Demolition around Umicore site in Hoboken begins
Demolition began Monday on 17 houses around the Umicore site in the Antwerp district of Hoboken. The materials technology company bought the homes from their owners intending to create a green buffer zone that would prevent the spread of lead from its factory site that has caused health problems among people living locally.
The construction of a buffer zone is potentially the most drastic measure Umicore has taken to reduce blood lead levels in local children to an acceptable level. The highest levels have been found among those who live closest to the factory.
Another 169 homes will be demolished in a second phase later this year. Umicore says it wants to level a limited number of buildings first to test the process. The company has said it will protect the neighbourhood where the demolitions occur against dust or other nuisance, as not all residents accepted the offer to sell their homes.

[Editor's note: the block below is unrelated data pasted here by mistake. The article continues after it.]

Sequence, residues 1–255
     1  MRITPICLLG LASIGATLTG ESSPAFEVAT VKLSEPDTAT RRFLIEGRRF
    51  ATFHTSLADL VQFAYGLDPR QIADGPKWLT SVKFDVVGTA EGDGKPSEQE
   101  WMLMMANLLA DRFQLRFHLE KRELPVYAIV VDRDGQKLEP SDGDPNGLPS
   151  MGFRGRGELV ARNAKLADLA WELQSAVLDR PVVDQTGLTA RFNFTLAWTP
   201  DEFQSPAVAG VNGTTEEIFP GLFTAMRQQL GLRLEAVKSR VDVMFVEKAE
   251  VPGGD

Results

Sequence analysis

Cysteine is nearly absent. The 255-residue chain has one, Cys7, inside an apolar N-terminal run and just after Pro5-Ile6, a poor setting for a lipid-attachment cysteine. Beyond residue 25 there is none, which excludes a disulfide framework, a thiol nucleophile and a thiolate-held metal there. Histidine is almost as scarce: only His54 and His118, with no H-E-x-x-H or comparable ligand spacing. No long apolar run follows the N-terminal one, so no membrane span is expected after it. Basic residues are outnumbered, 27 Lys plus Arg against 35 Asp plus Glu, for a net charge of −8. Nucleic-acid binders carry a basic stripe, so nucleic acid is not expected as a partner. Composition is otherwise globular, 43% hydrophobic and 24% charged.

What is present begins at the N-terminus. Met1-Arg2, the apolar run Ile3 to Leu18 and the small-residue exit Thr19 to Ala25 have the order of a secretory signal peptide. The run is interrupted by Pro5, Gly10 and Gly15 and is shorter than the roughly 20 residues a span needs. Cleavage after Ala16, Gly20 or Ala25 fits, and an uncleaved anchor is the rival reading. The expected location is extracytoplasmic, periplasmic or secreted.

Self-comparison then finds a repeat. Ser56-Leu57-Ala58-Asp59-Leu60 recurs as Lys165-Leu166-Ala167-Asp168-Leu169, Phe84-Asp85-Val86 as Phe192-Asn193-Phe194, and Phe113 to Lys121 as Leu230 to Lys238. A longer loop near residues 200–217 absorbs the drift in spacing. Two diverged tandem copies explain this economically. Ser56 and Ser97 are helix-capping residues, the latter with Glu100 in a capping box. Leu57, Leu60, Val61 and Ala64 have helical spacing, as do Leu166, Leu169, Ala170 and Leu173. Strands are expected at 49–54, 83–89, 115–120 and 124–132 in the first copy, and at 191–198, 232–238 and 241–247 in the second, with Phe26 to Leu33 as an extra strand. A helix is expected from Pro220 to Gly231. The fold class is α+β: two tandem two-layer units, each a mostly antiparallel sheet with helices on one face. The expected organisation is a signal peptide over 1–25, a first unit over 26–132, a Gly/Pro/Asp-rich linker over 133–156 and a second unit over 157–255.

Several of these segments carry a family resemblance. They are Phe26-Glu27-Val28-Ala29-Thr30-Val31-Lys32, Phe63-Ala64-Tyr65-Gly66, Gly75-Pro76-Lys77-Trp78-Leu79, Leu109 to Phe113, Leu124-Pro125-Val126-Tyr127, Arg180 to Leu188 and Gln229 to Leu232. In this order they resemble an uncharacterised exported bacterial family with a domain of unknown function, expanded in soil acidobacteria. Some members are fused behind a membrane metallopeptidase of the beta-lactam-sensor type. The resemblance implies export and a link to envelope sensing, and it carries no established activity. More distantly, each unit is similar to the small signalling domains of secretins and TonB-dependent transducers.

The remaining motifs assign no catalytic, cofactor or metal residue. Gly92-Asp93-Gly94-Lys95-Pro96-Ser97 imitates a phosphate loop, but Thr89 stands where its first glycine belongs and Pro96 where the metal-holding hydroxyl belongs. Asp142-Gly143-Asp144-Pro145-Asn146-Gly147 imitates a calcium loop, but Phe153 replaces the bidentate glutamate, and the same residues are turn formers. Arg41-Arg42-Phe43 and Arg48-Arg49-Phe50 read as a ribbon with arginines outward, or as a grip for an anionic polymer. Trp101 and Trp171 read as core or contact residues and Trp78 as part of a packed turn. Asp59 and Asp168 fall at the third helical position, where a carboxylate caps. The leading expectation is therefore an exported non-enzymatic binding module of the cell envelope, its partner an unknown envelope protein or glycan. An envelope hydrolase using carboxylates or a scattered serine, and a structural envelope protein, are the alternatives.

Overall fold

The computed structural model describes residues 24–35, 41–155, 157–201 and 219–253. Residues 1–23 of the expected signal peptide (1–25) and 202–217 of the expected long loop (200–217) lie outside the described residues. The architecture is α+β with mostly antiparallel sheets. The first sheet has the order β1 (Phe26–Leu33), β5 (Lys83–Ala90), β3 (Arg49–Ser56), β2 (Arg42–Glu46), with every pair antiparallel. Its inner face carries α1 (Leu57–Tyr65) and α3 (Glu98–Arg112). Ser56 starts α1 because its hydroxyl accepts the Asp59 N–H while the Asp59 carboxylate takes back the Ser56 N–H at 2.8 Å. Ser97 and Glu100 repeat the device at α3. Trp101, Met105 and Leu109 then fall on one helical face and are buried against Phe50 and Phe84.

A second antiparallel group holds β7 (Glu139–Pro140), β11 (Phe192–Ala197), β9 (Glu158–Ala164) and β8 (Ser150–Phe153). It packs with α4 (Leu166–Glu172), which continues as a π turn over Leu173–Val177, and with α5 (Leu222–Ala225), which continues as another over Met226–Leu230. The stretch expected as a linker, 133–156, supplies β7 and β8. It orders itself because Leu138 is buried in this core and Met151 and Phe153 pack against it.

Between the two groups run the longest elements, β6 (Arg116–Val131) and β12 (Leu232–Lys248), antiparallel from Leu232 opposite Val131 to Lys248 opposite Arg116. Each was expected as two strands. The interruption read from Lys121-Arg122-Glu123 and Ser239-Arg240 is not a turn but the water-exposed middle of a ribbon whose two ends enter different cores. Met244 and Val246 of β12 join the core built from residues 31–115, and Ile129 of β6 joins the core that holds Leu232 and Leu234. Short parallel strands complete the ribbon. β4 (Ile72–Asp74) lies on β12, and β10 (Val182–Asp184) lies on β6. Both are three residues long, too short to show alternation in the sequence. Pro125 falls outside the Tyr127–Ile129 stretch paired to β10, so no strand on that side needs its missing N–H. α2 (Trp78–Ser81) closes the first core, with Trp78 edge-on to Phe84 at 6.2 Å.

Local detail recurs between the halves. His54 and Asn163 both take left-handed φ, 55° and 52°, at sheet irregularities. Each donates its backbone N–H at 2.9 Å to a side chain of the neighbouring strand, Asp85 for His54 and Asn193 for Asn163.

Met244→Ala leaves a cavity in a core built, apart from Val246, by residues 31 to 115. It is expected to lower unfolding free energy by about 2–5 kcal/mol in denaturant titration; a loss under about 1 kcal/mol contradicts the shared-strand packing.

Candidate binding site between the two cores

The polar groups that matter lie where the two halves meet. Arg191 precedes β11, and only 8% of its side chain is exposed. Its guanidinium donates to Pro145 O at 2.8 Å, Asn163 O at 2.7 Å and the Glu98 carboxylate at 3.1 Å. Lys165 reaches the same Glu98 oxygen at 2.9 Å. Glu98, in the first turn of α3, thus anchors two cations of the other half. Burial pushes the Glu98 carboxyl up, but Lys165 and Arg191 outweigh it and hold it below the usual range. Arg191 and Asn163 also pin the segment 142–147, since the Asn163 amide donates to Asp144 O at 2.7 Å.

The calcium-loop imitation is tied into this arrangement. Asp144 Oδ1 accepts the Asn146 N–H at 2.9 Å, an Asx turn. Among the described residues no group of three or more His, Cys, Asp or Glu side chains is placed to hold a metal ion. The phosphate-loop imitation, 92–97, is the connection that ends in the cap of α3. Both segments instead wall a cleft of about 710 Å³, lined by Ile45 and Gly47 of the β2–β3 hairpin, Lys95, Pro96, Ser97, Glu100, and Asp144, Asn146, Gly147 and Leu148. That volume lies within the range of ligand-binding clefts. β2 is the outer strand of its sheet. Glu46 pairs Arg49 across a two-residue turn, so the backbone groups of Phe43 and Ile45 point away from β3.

Umicore recently bought 100 homes in a zone slightly further away from the factory, intending to demolish them as well. This purchase specifically concerns homes for families with children aged up to 12. In total, the buffer zone, including a part of the Umicore site itself, will be 6 hectares.
"We are satisfied that blood lead levels in children living near our site continue to decline," Johan Ramharter, director of Umicore's Hoboken site, said in December 2022. "We are committed in every way possible to minimising the impact of our activities. We have been spending 25 million euros annually on environmental measures that prevent the spread of dust and further reduce emissions from our processes."
Umicore, headquartered in Brussels, is the world's largest recycler of precious metals. The company has four sites in Belgium and develops technologies and materials for high-grade solar cells, rechargeable batteries, LED applications and catalytic converters.
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